The fish feeding apparatus is among the most diverse functional systems in vertebrates. While morphological and mechanical variations of feeding systems are well studied, we know far less about the diversity of the motions that they produce. We explored patterns of feeding movements in African cichlids from Lakes Malawi and Tanganyika, asking whether the degree of kinesis is associated with dietary habits of species. We used geometric morphometrics to measure feeding kinesis as trajectories of shape change, based on 326 high-speed videos in 56 species. Cranial morphology was significantly related to feeding movements, both of which were distributed along a dietary axis associated with prey evasiveness. Small-mouthed cichlids that feed by scraping algae and detritus from rocks had low kinesis strikes, while large-mouthed species that eat large, evasive prey (fishes and shrimps) generated the greatest kinesis. Despite having higher overall kinesis, comparisons of trajectory shape (linearity) revealed that cichlids that eat mobile prey also displayed more kinematically conserved, or efficient, feeding motions. Our work indicates that prey evasiveness is strongly related to the evolution of cichlid jaw mobility, suggesting that this same relationship may explain the origins and diversity of highly kinetic jaws that characterize the super-radiation of spiny-rayed fishes.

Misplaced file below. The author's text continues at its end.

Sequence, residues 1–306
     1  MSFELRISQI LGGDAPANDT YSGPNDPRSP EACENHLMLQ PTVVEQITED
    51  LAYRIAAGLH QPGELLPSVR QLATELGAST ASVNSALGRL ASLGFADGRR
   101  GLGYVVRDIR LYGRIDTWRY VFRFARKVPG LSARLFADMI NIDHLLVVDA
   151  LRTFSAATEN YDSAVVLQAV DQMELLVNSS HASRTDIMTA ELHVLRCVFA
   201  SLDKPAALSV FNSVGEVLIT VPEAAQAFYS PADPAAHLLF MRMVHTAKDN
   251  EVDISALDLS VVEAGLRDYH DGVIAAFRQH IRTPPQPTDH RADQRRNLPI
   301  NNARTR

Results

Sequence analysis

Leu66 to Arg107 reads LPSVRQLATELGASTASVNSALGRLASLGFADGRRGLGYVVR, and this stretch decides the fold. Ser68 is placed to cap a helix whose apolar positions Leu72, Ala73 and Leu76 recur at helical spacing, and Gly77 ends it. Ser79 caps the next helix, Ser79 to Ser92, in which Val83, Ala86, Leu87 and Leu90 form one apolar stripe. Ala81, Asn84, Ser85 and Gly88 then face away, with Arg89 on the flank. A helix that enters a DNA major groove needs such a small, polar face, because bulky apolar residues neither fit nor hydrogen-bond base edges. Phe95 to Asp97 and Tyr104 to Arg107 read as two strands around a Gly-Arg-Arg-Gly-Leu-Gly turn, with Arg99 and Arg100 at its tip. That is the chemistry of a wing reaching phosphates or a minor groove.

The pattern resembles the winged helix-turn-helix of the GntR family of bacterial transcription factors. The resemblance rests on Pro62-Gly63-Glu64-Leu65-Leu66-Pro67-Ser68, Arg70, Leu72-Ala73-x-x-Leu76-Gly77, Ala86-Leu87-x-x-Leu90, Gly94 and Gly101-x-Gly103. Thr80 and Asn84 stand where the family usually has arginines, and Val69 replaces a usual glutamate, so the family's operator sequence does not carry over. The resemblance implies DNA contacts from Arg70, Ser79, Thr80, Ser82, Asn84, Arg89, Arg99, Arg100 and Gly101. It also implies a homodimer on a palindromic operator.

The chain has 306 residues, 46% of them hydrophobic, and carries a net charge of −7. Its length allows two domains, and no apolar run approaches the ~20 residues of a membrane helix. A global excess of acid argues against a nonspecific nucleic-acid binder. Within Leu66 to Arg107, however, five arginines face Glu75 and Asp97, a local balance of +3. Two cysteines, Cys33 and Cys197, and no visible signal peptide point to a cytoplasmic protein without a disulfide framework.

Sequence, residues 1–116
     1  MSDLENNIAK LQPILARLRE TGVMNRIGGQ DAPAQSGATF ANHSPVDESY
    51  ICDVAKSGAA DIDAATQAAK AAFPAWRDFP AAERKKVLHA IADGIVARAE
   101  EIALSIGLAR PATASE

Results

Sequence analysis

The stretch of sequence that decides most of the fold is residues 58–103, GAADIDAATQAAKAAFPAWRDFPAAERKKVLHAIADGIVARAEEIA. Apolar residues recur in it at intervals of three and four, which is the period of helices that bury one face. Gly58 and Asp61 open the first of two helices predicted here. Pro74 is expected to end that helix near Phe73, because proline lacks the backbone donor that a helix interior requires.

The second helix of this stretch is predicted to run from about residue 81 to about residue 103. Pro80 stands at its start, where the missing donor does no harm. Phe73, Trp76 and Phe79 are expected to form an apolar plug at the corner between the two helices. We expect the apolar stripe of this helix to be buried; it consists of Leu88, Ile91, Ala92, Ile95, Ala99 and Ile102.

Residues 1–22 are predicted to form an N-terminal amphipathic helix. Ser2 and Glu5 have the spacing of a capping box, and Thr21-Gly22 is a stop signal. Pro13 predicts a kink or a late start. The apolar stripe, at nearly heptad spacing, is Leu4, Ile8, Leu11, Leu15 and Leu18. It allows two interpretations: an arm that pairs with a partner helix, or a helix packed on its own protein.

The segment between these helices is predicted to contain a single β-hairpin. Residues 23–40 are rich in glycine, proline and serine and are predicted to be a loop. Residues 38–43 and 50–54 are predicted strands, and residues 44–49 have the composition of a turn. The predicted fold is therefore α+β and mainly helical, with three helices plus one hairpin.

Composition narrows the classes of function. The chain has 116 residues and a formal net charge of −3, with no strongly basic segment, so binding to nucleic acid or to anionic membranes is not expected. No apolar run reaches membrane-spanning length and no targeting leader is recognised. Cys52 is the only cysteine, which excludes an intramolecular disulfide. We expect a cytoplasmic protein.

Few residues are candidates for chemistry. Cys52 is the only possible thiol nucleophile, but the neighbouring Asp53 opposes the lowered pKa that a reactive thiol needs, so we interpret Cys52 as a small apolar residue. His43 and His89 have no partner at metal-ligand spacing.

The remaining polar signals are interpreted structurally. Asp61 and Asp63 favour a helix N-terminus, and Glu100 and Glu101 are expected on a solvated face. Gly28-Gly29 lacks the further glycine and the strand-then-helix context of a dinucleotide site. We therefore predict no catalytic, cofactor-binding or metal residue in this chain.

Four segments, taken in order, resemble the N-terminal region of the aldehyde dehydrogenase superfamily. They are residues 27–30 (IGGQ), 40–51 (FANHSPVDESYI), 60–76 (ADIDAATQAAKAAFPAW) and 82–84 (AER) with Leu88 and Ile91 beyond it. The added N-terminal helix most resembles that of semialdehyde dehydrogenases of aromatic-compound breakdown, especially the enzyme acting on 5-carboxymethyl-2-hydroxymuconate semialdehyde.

- Geometric morphometrics
- Motion trajectory